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Reviews and Articles in General Publications

Time October 11, 1999
Letters in response to the magazine's Harry Potter cover story 3 weeks ago include one from SFWA Grand Master Andre Norton congratulating the author's success; one calling the series a ''watered-down version of Diane Duane's far superior juvenile Wizard series''; one excoriating the story as shameless self-promotion for Time owner Warner Bros.'s licensing of the books' film rights; and remarks from a Minnesota reader who banished the books from her household for fear her children ''might want to become involved in witchcraft''. Also in this issue: a brief review of Jonathan Lethem's Motherless Brooklyn (Doubleday).

§ The Onion 6 October 1999
Back to Harry: the satirical online magazine has this helpful Infographic to chart reasons for the series' success.

§ The Village Voice Sept. 29 - Oct. 5
Amy Taubin reviews Abel Ferrara's New Rose Hotel, the film version of William Gibson's short story. We were afraid of this: ''... what's on the screen is so dreadful that it inspires the ontological question 'What are films and why is this not one of them?' ''. The film opens in Los Angeles this coming Friday.

§ Salon Oct. 5
Nikki Finke's Media column explores the reasons Michael Crichton's forthcoming Timeline (Random House) has not sold to the movies.

The online merchant presents extensive ''Best of the Century'' lists of books, music, and videos, including The Best Science Fiction & Fantasy of the Century. The 25 selections are all familiar: Orwell, Miller, Burgess, Huxley, Herbert, Card, etc.; and, perhaps not coincidentally, all of them are in print and available from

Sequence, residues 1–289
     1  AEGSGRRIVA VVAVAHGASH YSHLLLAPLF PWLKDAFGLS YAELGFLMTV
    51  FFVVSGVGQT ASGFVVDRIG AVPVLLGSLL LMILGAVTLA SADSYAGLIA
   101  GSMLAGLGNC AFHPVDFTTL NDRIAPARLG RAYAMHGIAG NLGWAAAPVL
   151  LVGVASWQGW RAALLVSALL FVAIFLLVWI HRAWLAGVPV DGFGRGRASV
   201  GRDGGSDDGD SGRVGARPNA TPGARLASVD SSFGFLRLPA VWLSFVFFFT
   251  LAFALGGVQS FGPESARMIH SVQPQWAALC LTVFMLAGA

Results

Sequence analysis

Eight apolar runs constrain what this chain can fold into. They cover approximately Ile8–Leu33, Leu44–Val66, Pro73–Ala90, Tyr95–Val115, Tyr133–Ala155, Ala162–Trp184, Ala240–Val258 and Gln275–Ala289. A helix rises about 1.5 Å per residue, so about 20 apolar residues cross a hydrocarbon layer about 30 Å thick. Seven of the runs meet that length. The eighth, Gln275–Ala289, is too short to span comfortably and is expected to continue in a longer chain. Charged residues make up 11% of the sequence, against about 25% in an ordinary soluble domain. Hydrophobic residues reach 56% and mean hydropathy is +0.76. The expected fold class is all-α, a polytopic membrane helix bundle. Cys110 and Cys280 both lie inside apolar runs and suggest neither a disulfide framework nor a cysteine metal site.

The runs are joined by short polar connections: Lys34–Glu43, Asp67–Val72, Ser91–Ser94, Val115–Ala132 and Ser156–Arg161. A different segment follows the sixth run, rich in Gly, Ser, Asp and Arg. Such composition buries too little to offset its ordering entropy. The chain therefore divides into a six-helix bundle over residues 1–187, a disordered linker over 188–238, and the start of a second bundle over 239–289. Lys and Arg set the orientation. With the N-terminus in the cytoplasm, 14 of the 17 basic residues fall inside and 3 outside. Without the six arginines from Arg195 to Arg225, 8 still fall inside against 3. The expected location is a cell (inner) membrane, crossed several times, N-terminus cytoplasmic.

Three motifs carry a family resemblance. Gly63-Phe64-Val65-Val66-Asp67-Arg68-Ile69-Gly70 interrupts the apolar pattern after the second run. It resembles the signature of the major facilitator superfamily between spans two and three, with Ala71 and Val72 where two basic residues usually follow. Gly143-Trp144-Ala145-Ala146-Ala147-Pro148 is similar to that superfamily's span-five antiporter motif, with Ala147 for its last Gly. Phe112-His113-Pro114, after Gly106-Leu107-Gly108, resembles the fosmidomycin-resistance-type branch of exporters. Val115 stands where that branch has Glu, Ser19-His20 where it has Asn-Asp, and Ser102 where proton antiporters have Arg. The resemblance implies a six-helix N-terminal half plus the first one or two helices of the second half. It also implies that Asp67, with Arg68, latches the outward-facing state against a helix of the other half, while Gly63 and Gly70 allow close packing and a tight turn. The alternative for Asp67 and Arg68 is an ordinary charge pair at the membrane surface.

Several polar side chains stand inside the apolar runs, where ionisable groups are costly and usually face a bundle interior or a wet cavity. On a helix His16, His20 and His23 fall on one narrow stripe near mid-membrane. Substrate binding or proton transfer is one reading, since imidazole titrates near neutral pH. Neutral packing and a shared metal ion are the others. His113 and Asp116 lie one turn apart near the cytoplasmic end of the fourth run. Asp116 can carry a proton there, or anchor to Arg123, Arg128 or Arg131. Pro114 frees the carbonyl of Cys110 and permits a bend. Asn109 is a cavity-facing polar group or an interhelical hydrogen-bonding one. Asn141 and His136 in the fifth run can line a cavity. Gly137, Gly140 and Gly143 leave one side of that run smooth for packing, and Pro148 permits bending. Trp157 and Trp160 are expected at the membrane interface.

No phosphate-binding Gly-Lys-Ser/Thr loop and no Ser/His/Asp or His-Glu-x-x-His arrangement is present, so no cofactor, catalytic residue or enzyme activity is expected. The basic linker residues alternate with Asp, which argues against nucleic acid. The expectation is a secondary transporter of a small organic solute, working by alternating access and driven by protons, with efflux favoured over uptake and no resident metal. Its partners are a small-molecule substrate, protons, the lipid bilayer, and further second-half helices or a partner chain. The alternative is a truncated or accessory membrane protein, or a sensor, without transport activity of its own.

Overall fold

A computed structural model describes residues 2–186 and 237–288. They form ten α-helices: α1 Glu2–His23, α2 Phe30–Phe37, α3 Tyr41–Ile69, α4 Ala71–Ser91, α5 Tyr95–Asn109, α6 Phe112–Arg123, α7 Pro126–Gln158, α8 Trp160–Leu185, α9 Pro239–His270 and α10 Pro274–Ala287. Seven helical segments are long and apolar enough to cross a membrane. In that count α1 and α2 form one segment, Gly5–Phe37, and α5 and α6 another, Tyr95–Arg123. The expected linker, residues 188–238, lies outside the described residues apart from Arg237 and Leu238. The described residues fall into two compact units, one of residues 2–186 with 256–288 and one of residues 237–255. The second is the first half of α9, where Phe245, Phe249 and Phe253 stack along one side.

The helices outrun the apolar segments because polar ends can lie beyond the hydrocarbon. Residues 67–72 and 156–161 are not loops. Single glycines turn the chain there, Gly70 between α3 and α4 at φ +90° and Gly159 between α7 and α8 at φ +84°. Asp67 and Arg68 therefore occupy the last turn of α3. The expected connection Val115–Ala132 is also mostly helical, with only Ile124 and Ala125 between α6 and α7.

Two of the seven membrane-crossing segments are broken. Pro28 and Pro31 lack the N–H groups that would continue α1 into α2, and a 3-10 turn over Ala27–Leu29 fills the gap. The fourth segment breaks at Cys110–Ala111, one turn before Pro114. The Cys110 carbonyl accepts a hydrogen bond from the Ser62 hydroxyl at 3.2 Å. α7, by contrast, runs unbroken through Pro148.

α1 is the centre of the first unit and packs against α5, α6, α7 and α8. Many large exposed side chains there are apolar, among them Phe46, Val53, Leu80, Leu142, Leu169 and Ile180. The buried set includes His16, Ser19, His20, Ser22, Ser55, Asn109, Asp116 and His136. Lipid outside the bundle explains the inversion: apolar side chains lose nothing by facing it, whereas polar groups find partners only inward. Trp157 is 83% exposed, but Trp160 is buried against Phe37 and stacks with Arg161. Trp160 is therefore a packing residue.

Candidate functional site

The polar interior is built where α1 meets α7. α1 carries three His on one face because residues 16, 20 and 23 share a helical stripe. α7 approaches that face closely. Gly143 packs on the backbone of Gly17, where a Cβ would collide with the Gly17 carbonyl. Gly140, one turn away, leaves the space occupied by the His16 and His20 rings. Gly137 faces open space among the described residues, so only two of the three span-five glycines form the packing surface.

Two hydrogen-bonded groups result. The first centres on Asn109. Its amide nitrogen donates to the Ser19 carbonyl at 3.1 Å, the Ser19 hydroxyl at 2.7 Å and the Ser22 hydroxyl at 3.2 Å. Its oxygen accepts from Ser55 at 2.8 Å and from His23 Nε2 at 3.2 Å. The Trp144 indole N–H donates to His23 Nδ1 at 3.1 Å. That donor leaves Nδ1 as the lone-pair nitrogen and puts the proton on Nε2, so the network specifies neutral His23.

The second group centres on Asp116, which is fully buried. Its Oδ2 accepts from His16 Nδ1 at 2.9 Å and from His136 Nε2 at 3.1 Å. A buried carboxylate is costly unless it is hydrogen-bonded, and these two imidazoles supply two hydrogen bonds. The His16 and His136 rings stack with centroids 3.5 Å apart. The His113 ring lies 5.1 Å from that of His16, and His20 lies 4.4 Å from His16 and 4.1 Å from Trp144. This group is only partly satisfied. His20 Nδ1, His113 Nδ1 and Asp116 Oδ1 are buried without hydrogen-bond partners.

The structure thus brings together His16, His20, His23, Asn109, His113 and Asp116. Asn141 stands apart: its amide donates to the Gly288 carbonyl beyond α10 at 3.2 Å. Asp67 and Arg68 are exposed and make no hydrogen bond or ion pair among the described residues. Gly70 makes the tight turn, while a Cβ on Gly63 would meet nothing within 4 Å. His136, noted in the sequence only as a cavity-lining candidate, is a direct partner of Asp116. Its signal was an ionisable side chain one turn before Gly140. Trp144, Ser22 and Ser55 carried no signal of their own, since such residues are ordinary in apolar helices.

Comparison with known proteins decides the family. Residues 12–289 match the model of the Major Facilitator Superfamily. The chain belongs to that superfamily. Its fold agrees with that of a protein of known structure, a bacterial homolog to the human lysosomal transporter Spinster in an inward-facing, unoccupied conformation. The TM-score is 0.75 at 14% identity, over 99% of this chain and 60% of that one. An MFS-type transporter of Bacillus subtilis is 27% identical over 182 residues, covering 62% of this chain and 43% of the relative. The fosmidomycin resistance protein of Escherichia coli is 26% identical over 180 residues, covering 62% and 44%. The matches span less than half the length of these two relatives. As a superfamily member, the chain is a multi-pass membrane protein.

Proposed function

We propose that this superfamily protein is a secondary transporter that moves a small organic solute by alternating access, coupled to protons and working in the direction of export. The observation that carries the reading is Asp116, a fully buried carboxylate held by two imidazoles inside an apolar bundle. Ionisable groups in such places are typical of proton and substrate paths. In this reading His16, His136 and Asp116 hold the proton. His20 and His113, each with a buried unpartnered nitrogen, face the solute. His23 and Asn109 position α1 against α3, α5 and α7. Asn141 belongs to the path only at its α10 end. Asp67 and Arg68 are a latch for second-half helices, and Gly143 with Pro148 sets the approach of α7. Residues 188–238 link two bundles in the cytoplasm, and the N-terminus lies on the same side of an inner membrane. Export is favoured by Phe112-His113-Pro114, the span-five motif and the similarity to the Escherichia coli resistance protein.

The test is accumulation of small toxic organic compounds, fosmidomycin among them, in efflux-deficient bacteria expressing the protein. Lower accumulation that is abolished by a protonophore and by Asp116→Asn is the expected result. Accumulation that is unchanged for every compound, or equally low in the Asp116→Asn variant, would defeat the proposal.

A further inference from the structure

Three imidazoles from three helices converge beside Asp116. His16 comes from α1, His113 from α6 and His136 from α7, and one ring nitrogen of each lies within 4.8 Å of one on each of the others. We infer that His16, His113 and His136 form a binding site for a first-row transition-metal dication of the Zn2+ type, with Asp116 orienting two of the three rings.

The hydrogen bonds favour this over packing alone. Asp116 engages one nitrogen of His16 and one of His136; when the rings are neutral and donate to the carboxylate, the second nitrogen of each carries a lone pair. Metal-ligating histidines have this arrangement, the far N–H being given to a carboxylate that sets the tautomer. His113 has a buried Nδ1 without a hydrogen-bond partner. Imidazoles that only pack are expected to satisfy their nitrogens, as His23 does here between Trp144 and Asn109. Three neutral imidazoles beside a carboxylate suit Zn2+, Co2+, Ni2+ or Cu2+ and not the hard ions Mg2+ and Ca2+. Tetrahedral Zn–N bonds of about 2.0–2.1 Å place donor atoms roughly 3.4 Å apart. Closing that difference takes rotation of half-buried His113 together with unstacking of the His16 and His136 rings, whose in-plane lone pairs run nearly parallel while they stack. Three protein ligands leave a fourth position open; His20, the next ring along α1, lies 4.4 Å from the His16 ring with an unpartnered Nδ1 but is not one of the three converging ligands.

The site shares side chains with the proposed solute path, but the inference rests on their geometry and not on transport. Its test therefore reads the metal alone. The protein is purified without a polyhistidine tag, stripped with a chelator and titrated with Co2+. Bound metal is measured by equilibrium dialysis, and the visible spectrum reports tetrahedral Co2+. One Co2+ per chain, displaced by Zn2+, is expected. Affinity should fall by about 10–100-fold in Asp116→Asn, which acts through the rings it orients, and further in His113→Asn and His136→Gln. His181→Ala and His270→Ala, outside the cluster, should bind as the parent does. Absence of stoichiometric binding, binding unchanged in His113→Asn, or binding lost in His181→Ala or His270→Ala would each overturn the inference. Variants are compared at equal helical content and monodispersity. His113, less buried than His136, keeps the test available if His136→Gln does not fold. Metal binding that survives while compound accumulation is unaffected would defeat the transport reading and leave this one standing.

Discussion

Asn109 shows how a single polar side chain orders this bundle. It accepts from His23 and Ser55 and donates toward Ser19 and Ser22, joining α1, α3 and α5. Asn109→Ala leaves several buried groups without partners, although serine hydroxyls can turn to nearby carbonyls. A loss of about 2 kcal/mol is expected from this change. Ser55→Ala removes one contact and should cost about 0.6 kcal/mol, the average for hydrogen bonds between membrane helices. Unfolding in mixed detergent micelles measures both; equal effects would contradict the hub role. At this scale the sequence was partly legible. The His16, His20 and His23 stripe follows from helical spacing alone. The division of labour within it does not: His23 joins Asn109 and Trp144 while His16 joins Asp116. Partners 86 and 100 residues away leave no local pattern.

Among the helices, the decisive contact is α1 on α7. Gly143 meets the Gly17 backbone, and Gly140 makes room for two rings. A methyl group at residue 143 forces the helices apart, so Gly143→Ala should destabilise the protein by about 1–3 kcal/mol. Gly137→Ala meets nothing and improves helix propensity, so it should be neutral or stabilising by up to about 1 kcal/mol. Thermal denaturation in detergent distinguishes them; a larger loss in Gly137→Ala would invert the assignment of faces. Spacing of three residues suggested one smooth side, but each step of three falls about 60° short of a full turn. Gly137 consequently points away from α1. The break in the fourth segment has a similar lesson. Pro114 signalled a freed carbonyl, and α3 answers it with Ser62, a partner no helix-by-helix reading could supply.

§ Zoetrope October 1999
Fiction: writer Cezarija Abartis [full disclosure: wife of Locus reviewer Russell Letson] has a story, ''On Grandmother's Farm'', in the On-Line Extras section of Francis Coppola's Zoetrope: All-Story magazine.

Bestseller Watch, 4 October

Jonathan Lethem's Motherless Brooklyn (Doubleday), which is getting new-discovery treatment from reviewers who've never heard of, or who've dismissed, his SF, debuts at #13 on the LAT list this week. It's #15 on the San Francisco Chronicle list.

Kurt Vonnegut's Bagombo Snuff Box remains #1 on the LAT list. It's 23rd at NYT. Neal Stephenson's Cryptonomicon, after several months, remains 10th at SFC.

The Harry Potter books, and Stephen King's latest, haven't moved noticeably from their positions last week, as of Monday. (Though's Hot 100 list became dominated, on Tuesday, by a slew of dieting books.) Card's Ender's Shadow has dropped off the LAT and NYT lists -- it's among runners-up at 17th at NYT -- but holds at #7 at WP, #10 at PW, and #8 on Amazon's fiction hardcover list.

In the UK,'s Top 100 list has Terry Pratchett's The Fifth Elephant in 11th place.

Amazon's not-yet-published bestselling books ranks Michael Crichton's Timeline (Random House) in 5th place.

Ender's Shadow leads Amazon's SF bestsellers, followed by books by Neal Stephenson, Connie Willis (in paperback), Greg Bear, and Eric Idle. Barnes & Noble's SF bestsellers are led by Card, R.A. Salvatore, Tad Williams, Connie Willis, and Robert Jordan.

Things are quite different on the list in Canada, where Stephen King's previous book, The Girl Who Loved Tom Gordon, is still #1, and books by Terry Goodkind, Anne Rice, and George R.R. Martin place among the top ten.

Links to the Bestseller lists:

Amazon | Amazon UK | B&N | Borders |

(Wed 6 Oct 1999)

© 1999 by Locus Publications. All rights reserved.